Wednesday, May 31, 2017 / 5:08 PM /Fitch Ratings
The global auto industry is ripe for disruption as a result of changing global demographics, increased urbanization, heightened environmental awareness, growing safety concerns and rapidly evolving technologies, according to Fitch Ratings. These changes are likely to create winners and losers and as technologies advance, there is an increased probability that they will play a potentially significant role in the ratings of original equipment manufacturers (OEMs) and suppliers.
Fitch is placing more emphasis on issuers' long-term positioning relative to these developing trends as the global auto industry evolves. The shifting landscape is unlikely to directly influence most issuer ratings in the near term, but a rapid change in the competitive environment could alter Fitch's view of an issuer's market position, which could affect its ratings.
As technology evolves, the car is being recognized as an under-utilized asset. New market entrants and business models pose an increasing threat to incumbent players. Pressure from startups and from technology companies outside the traditional auto industry is forcing OEMs and suppliers to work on new technologies, such as automated driving, and leading OEMs to consider transportation in addition to manufacturing vehicles. The success of these trends is not guaranteed as widespread adoption will require significant advances in technology, accommodating regulations, answers to thorny legal and ethical questions, and customer acceptance of new technologies.
Vehicle electrification, driven by tightening emissions regulations in most major global regions, is leading to significant changes in vehicle powertrains. Not all vehicles will be electric, but Fitch expects the number of hybrid electric vehicles (HEVs), plug-in hybrid electric vehicles (PHEVs) and fully electric vehicles (EVs) to increase significantly over the next decade.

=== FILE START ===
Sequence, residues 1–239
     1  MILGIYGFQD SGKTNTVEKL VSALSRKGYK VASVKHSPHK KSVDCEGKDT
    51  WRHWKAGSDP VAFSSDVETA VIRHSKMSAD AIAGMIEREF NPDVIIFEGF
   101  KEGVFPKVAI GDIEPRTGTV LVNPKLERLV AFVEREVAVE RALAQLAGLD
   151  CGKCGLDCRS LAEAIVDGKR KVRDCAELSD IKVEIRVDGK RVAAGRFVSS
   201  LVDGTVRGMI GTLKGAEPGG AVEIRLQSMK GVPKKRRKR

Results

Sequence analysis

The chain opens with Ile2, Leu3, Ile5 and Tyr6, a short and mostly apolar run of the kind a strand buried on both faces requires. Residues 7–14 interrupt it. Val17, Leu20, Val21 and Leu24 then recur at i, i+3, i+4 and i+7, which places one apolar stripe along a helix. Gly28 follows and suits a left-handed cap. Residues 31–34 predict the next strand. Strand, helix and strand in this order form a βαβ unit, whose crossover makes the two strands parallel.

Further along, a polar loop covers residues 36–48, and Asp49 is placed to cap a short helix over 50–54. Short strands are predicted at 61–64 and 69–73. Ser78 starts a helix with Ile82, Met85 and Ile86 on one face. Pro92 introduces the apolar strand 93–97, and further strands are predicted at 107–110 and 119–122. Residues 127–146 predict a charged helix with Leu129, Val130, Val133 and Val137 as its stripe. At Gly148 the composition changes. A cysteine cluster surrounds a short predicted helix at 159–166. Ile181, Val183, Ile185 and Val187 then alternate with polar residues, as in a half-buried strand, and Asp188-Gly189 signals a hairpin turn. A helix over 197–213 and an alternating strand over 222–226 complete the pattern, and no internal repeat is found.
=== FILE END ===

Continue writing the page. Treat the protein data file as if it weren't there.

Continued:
Electrification will alter the playing field for OEMs, Fitch believes. EVs do not need to meet emissions requirements and their powertrains are relatively simple, which has helped prompt a large number of startup EV OEMs around the world. Most are likely to fail, and it remains unclear whether even Tesla will successfully evolve from a luxury vehicle maker into a mass-market OEM. However, a future automotive environment marked by high fuel costs or heavy regulation of internal combustion engines would support the EV startups, increasing their chances of competing with traditional OEMs.
The business potential of autonomous vehicles is tremendous, especially for taxi services. Some studies suggest removing the driver could reduce the cost of operating a taxi by more than 80%. As a result, driverless taxis could be cheaper and more convenient than owning a car, particularly in urban areas. This could reduce urban congestion and lessen the need to devote scarce urban property to parking lots. Autonomous vehicles also promise to open up personal transportation opportunities for people who are unable to drive themselves.
Fitch expects that it will likely be at least a decade before the general public will be able to purchase fully autonomous vehicles for personal use. In addition to the technological hurdles, cost will be a factor. While the significant additional cost of the technology might make sense in a taxi, private owners may find it harder to justify. Also, there are more than 250 million registered cars and trucks in the U.S. today, and even if all new vehicles had fully autonomous capabilities next year, it would likely be more than a decade before even the majority of vehicles on U.S. roads were autonomous.